Ever have a tough conversation with your manager? Ever get feedback from a boss or mentor that really stung? Or maybe a customer meeting that felt like it was going south right off the bat? I know these aren’t feelings you probably want to relive any time soon, but stay with me here for a minute.
How did that meeting go? If you’re anything like me – and most of us in the working world, for that matter – it probably felt pretty brutal. Maybe you thought you were just going to be sitting down to hear some simple constructive notes about how well you were doing around the office and where you could make some improvements. Or, maybe you thought it was going to be a simple check-in call with a supplier, nothing complicated. And, before you knew it, it just felt like you’re getting smacked over the head with a 2×4. No one likes taking these kinds of beatings, especially when they’re from professional mentors and people who you trust and respect.
When you’re on the receiving end of one of those beatings, you can start to feel defensive. Maybe you bite your tongue and grit your teeth through it, but odds are at least once, when you’re in the moment, you leaned into that ‘fight or flight’ response: you either totally retreated from the criticism and stopped listening altogether, or you did the opposite and felt like you needed to fight back. “No no, you’re not getting it, let me tell you why you’re wrong.”
That’s a perfectly natural reaction to have. It’s also not one that is going to do you any favors. Look no further than Elon Musk, who took some tough questions from shareholders at an earnings call in May and responded to the situation by dismissing their questions, attacking them, ignoring them, and slighting them as boring. It was an embarrassing performance that Musk had to backtrack from and apologize for anyway.
Just sit and listen
That moment when you feel that fight or flight response start creeping in, that’s your magic moment to take the beating you’re being given and turn it into something constructive. Don’t fight back against the criticism, don’t withdraw from it. Instead, just sit and listen. Absorb it. Internalize it. Take notes.
And then sleep on it
Don’t take any immediate action. Even if you’re just sitting silent through your, let’s say, “professional beating,” once it’s over, you’re still going to feel very heated and emotional about it. Not just in the negative, “How dare they” sense, either. If whomever is dishing out that feedback – whether it’s a mentor or boss in the office, or a customer or supplier you’re talking with over the phone – gives you 10 action items to put on your list of next steps, you might feel so wound up by it that you could be compelled to try to tackle all 10 ASAP. That’s just as bad as shutting down or lashing out. You’ll be tripping over yourself to do all 10 that you won’t even get one done. So, instead, give it some time to marinate.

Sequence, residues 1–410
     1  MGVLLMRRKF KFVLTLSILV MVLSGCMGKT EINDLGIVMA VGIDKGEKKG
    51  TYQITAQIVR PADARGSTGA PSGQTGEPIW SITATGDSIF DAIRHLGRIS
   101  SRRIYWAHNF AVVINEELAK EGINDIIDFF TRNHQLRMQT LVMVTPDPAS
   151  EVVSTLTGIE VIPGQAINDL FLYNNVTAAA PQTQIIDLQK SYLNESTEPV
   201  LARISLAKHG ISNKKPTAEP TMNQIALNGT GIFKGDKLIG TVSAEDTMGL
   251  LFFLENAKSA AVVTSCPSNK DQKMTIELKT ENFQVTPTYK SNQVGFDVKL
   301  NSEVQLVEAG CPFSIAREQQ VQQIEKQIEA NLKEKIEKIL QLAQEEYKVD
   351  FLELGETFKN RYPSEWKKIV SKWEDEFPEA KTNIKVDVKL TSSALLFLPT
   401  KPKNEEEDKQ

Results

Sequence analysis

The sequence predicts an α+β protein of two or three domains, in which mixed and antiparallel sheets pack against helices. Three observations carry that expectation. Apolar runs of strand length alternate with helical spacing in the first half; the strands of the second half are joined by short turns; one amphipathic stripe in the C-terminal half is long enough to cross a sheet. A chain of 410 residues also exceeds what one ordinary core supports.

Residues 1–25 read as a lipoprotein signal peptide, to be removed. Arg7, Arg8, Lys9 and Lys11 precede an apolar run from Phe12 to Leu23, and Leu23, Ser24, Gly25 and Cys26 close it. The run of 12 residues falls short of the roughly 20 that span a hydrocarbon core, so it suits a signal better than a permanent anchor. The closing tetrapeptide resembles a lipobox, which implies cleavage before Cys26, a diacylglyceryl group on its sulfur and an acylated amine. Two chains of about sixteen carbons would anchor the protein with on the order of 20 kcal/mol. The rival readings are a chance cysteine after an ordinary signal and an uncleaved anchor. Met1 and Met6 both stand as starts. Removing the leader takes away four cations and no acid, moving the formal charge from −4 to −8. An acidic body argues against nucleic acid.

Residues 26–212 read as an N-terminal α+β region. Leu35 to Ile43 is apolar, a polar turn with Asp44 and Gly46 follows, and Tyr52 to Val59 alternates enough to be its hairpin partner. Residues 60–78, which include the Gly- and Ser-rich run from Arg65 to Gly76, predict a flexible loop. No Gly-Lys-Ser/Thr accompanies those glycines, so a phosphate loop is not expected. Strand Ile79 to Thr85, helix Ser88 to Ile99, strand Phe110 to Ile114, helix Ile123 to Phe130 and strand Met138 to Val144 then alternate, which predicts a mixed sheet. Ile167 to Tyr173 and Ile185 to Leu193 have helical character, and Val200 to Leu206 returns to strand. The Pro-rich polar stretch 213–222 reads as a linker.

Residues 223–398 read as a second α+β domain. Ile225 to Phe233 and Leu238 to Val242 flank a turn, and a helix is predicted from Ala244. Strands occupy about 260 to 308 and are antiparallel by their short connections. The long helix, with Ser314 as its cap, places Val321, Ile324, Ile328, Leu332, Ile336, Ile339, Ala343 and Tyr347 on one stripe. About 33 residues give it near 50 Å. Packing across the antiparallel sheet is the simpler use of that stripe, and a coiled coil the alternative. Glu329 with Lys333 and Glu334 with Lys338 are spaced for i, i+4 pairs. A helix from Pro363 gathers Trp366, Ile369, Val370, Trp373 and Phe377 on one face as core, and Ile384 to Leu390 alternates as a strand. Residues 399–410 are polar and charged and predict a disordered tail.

Don’t be reactionary
You want to sit with the feedback for a day or two, process it.
Detach yourself from the emotions of the meeting to internalize the lessons of what that meeting was all about. And, after letting it sit, you’ll come back the next day clear-eyed about not just why you need to take action X, Y and Z for your personal growth, but also about how and when to go about doing that.
You’re either growing or you’re dying
This is one of my favorite quotes, from the former Notre Dame coach Lou Holtz. And, it cuts to the core of both our professional and personal lives: there’s no sitting still. If you linger, just trying to preserve what’s working so far without taking chances to grow, then you’re not going anywhere.
So, let’s be clear about this: comfort is the enemy of growth. Being comfortable means you’re stagnating, it means you’re wasting opportunities coming your way to change and expand your horizons and do something new, be something new.
That’s where those “beatings” come from, and why they’re so handy. Because if you’re not always learning on your own, then the best – and maybe only – way you can learn is to get that harsh feedback from others. And, I don’t mean from internet trolls, of course, but from people you trust and respect and whose opinions you value.
No one likes taking heat at work, even well-meaning heat, because they have room to improve. But, it’s important to remember that that feeling of discomfort is just temporary; the impact of taking that feedback to heart and using it to grow is lifelong.
Growth is not supposed to feel comfortable
The sooner we can accept that comfort is the enemy of growth, the sooner we can ensure we’re not being sidetracked by these fleeting feelings of discomfort and, instead, putting our energy into meaningful change and continuing to always move forward.